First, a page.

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    • Groups and Coalitions: Politics Chapter V
      Previous: Identity (Introduction and Table of Contents) Politically active groups form because of ideology and identity: they have beliefs about how the world should be; those beliefs are emotional and create both identification with other people who have the beliefs and shared desire to change the world or keep the world in line with how the ideologies pres […]
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By the time we got to Wall Street, we were half a million strong…

More like 1500 as of today but OccupyWallStreet has the potential to be a juggernaut.  Let’s put it this way, there are 8,175,133 people in New York City and not all of them work in the finance industry.  In fact, the vast majority of them don’t.  Most New Yorkers are cab drivers and food service workers and administrative assistants and teachers and transit workers and cops.  The whole country may not be watching yet, much less the whole world, but you can be sure that the citizens of New York City are starting to pay attention.

Today, there was a march across the Brooklyn Bridge that resulted in the corraling and arrest of about 500 700 people, including Natalie Lennard, a free lance stringer for the New York Times.  See the front page of the NYTimes for details or better yet, head on over to Correntewire and read MsExPat’s post on the march, since she was there.  She also has some amazing photos of the events on the bridge, including this one of marchers either trying to escape the nets or get a better view of what was going on (I hope she and Lambert don’t mind if I crosspost this pic.  It’s one of those photos you never forget)

Avoiding arrest on the Brooklyn Bridge, OccupyWallStreet, Oct 1, 2011 (MsExPat)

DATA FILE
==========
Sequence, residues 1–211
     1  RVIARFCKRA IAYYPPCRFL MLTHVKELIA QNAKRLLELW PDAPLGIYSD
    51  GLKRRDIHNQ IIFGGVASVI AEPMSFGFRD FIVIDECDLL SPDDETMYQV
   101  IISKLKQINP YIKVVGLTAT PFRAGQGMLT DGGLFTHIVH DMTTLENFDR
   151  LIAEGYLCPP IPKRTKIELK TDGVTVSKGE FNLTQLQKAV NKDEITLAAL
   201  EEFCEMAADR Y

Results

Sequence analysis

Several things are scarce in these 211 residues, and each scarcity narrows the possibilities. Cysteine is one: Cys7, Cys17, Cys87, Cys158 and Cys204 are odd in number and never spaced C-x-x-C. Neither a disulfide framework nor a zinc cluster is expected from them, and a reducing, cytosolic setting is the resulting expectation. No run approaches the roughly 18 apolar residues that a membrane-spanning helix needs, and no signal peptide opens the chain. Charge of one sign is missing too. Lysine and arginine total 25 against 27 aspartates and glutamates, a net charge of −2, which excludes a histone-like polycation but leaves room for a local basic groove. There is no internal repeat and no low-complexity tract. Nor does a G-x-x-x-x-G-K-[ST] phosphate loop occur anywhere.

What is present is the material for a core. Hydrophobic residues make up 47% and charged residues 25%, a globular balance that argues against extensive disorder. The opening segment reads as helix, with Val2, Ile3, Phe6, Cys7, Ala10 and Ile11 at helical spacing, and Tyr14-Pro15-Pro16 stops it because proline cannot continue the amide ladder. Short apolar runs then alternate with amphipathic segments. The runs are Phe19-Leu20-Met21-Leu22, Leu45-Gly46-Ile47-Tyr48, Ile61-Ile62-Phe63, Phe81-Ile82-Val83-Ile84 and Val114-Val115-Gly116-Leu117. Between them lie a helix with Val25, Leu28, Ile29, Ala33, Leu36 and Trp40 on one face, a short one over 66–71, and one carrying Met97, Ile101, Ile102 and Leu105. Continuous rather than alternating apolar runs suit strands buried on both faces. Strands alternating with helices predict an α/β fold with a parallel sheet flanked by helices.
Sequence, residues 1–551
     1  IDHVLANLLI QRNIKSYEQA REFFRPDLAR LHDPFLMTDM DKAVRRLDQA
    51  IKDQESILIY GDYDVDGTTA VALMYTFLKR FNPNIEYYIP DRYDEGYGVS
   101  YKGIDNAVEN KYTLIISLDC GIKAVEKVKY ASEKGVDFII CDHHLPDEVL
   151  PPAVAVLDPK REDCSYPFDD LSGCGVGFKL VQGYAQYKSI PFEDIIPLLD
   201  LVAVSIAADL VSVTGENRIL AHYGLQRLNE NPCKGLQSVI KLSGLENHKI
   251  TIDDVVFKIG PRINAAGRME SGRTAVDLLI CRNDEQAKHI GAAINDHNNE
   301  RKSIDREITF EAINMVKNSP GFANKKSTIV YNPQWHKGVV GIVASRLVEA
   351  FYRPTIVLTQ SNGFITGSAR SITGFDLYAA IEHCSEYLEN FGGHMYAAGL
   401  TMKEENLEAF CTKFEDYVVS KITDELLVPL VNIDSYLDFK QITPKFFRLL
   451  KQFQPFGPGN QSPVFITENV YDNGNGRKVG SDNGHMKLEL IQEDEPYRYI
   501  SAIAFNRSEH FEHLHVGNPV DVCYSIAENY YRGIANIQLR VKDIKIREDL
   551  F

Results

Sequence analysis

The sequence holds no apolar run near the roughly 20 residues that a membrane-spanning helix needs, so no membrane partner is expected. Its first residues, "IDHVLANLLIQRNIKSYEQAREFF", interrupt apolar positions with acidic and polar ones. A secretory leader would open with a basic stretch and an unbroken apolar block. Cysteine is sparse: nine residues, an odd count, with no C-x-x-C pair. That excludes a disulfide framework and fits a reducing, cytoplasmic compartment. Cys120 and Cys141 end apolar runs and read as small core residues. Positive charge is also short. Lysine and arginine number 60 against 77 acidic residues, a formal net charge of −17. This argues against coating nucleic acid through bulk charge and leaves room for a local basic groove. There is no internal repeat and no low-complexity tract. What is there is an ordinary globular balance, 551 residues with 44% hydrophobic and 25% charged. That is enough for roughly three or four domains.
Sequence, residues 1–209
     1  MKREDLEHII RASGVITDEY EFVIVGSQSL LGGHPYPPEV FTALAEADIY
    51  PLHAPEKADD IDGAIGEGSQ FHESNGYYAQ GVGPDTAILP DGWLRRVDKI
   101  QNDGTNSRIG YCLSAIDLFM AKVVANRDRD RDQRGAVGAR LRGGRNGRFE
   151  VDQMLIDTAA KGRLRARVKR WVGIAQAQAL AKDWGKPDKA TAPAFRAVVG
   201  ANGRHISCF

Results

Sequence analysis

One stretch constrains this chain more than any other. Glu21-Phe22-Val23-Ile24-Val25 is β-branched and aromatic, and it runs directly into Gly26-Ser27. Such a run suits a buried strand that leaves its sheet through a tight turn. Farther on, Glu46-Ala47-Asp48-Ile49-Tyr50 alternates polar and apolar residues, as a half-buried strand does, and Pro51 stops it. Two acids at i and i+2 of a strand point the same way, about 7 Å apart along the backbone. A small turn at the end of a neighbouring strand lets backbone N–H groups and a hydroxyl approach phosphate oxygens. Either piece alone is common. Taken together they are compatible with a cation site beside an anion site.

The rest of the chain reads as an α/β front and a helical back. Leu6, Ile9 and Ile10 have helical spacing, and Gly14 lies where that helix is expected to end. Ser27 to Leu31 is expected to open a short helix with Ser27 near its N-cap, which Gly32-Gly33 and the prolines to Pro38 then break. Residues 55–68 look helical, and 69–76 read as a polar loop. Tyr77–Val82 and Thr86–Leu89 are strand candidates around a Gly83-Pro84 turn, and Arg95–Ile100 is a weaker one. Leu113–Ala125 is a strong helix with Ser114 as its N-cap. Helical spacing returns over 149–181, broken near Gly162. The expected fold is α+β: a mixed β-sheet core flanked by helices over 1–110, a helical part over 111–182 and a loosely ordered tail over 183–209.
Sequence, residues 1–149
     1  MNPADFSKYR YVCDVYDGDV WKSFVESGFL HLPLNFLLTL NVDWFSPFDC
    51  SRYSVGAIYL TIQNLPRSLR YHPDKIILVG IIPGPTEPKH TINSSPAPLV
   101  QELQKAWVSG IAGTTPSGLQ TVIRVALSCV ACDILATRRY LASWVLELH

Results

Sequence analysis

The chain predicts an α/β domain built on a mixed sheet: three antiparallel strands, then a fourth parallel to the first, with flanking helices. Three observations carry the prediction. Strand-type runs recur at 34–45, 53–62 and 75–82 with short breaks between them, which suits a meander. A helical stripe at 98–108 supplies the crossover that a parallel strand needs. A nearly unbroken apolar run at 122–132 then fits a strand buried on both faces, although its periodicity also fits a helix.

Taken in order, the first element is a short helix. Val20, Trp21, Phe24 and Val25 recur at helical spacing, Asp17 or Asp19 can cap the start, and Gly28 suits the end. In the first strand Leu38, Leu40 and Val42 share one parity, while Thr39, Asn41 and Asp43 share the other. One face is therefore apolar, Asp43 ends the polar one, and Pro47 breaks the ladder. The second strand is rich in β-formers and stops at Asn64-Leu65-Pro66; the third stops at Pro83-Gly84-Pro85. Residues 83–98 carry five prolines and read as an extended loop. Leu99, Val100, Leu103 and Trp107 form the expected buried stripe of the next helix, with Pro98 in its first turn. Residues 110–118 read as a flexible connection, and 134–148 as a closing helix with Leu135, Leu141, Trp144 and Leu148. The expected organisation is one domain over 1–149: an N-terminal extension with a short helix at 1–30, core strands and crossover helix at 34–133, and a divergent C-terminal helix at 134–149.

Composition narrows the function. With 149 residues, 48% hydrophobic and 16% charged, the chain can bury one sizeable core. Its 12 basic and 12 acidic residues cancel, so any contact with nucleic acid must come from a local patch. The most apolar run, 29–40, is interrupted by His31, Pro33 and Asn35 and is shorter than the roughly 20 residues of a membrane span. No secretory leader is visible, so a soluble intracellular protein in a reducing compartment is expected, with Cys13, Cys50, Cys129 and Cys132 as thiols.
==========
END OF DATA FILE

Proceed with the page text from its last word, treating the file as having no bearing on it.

Kids, don’t try this at home.

MsExPat’s post is tantalizing.  She says there’s something going on at Zucotti Park that gives her concern but she hasn’t said what yet.  I wonder if it has anything to do with the Obama Fan Base MoveOn and the SEIU spoiling the party that DCBlogger was reporting at Corrente.   In the meantime, she met a cop after the march and had this exchange:

But as I was leaving the park in Brooklyn, an extraordinary thing happened. A policeman called to me. “How’s it going?” he asked. Nonplussed I said, well, okay, thanks. Then I asked him if the police were going to surround the park and arrest us all (this is what we had heard the “white shirts” saying on their radios). He said, “No Way! They won’t arrest you for sure.” [#33]

I asked him if he was Community Affairs, and he said that he was a Lieutenant (a white shirt officer), but had been pressed into service as a CA cop for the day. Then he let loose and let it all come out. He sympathised with the marchers. He had kids, he was worried about their education. About genetically modified food. About the way America was going.

I listened to him, half incredulous, half thrilled. Almost as thrilled as I was, walking across the Brooklyn Bridge, hearing the car horns and the cheers of passing motorists–all of them African American. Some hung out of the window, raised fists, cheered.

OccupyWallStreet may not know what the heck it is doing (or does it?) but I think New York City’s police force better tread very carefully here.  It wouldn’t take much provocation to get millions into the street.  After all, they didn’t have to walk anywhere.  They’re already there and they are watching.  And it’s going to be bloody hard to arrest and detain 8 million people on Riker’s Island.

Kudos to Corrente for covering OccupyWallStreet.  Outstanding job, guys.

Update: The Guardian is covering the protest on its frontpage tonight.  So is Al Jazeera.  So, that makes if official.  OccupyWallStreet is part of the Arab Spring.  😉